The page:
Road Warriors

In a story on red light cameras, the New York Times comments on an unintended consequence of the devices - an increase in rear end collisions. The story opens with the story of a Baltimore motorist who slammed on her brakes to stop at a yellow light (she knew the intersection had a camera) and was rear-ended.

Not to dismiss the problem, but let's keep in mind what the root of the problem is: drivers who do not take lights seriously. When I learned to drive, the rules for lights were pretty clear: when a light turns yellow, you stop if you can. It doesn't mean "go through till it's red," it means "stop," and gives you an interval in which you can still pass through if it is not possible to stop.

Here in Houston, where red light cameras are being debated, one of the complaints has been that if you enter an intersection with a yellow light and don't get out before it's red, you'll get a ticket. Apparently this complaint is raised because that would be unfair. No, that would be the law.

Even if all of the collisions caused by people running red lights were replaced by people rear-ending each other, it would be a net gain for safety. Rear end collisions are relatively less dangerous. Collisions caused by red light runners are among the most dangerous there are.

(I have some sensitivity to this issue, having been hit by a red light runner going approximately 50 mph on a Boston city street some years ago. I was very lucky; he hit the front of my car, sending us both spinning across Huntington Avenue until we came a stop at the front door of Brigham and Women's Hospital - where someone who'd just been stabbed was standing on the sidewalk screaming, "Help! He cut me!" It was an interesting night. Had I come through that intersection about a second sooner I'd probably have been killed. In a sign of the typical bad driver's mentality, the guy who ran the light jumped out of his car and screamed, "What the fuck were you doing?")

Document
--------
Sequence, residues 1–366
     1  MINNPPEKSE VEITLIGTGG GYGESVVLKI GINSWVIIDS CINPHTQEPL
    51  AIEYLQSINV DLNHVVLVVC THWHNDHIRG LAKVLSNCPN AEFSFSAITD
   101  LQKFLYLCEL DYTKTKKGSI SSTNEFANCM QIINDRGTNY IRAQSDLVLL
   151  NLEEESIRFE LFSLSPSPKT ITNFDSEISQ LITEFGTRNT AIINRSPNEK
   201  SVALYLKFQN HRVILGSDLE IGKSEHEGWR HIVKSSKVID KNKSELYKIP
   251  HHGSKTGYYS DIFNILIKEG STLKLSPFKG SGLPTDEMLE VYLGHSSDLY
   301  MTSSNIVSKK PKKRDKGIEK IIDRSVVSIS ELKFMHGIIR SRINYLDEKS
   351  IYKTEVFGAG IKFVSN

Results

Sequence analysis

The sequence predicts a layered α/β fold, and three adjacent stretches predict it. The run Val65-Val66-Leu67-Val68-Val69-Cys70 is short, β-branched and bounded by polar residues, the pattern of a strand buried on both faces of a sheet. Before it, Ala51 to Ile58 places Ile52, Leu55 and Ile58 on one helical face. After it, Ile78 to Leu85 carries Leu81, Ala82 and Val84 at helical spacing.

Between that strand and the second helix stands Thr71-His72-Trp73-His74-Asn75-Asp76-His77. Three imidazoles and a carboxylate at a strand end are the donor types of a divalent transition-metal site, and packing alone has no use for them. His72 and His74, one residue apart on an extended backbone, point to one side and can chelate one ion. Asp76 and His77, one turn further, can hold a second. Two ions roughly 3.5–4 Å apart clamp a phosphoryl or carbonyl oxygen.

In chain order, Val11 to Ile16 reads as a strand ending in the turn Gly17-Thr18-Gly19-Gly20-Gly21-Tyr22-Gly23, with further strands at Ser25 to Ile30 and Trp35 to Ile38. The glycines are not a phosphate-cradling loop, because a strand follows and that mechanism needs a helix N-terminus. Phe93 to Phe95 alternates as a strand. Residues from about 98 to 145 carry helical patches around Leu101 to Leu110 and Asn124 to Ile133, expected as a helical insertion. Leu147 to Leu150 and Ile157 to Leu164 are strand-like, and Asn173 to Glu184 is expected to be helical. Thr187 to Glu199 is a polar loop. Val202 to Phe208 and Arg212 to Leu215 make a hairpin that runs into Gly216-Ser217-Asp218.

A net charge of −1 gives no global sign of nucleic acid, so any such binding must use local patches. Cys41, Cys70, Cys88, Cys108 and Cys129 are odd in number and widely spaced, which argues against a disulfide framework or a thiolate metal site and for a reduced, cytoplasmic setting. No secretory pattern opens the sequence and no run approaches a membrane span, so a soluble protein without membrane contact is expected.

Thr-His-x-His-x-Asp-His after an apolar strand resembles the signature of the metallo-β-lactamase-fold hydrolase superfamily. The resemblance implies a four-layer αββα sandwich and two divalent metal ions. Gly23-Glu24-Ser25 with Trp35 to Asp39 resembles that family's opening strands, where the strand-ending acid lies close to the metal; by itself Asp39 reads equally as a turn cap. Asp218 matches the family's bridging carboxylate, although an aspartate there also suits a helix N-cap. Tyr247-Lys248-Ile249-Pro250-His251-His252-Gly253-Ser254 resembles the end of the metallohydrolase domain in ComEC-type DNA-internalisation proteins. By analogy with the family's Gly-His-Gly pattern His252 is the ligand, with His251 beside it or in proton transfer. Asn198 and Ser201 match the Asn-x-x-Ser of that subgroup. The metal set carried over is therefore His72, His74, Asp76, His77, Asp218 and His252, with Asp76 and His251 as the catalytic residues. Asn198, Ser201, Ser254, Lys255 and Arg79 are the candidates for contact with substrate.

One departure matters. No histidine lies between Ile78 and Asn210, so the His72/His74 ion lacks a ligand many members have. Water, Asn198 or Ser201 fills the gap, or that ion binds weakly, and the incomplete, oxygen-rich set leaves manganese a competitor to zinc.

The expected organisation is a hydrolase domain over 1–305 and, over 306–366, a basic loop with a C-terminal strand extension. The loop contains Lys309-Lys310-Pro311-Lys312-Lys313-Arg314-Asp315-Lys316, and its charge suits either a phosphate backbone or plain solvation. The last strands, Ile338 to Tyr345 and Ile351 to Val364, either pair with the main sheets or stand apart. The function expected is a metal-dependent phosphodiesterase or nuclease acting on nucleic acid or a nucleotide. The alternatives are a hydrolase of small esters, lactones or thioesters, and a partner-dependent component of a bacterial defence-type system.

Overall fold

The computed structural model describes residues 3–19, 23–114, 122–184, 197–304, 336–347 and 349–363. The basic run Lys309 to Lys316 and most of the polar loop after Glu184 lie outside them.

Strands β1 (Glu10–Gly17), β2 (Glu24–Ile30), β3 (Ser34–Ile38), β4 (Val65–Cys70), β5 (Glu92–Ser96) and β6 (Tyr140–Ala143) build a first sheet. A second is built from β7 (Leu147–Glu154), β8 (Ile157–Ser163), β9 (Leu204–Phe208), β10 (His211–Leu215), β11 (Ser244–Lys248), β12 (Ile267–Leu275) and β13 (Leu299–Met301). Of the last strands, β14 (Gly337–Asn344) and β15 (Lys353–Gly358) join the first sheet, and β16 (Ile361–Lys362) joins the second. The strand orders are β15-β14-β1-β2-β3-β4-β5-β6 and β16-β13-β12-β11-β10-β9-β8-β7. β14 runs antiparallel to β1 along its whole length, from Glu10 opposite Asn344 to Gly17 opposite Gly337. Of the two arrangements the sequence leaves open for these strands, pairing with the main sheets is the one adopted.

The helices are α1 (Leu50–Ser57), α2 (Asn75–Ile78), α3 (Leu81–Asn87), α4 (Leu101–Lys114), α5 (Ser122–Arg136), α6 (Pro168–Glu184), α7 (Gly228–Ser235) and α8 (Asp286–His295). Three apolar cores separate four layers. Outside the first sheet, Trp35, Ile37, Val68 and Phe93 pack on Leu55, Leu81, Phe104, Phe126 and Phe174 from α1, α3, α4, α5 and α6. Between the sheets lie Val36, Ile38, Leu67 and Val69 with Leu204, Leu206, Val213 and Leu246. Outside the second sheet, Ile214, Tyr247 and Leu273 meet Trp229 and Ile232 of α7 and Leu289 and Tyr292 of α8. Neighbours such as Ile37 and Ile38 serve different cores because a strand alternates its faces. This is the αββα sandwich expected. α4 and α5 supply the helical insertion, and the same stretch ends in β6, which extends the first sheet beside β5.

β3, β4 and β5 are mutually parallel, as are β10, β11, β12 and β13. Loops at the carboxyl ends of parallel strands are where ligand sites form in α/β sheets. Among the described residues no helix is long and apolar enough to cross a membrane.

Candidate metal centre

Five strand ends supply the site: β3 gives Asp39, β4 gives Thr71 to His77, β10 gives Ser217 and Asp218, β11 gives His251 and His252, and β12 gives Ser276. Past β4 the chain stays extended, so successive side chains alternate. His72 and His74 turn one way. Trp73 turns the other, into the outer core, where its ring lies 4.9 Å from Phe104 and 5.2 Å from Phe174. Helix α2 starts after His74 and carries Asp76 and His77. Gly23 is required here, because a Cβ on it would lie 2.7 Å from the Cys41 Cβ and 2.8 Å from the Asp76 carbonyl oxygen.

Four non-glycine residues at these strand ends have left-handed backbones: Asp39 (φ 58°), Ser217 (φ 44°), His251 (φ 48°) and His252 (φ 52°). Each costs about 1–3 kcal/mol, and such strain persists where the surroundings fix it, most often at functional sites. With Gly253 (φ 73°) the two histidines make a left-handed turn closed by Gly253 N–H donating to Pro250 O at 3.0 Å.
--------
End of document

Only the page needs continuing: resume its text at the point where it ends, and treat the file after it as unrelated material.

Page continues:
Also here in Houston, the stupid issue of the day is a new towing program. If you car breaks down on a freeway in Houston, and you don't get it moving in six minutes, you will be towed whether you like it or not, for a base charge of $75 plus mileage.

I think it's a very sensible program with some flaws. Sensible because I remember a steady stream of people getting killed on shoulders of freeways in DC when their cars broke down - it's very dangerous. Sensible because disabled cars lead to big traffic problems. Flawed because six minutes is too short (fifteen seems more reasonable) and there should be some provision for people who have auto club memberships to pay for things like that. (I don't buy the "what if you have no money" argument; if you can't afford to have your car towed away if it become disabled on the side of the road, you have no business driving on a public street. Sorry.)

However, a small number of people are very worked up, and they've got the ear of a state senator, John Whitmire, KPRC reports. I don't know much about John Whitmire but I think he's grandstanding. I did a little homework on him and found one interesting fact; he's the chicken shit who, when the state's Democratic legislators left the state to prevent quorum and thus a vote on the gerrymandering of our congressional districts last year, snack back so the GOP could pass it. So I already don't like the guy. (He's not my state senator though.)

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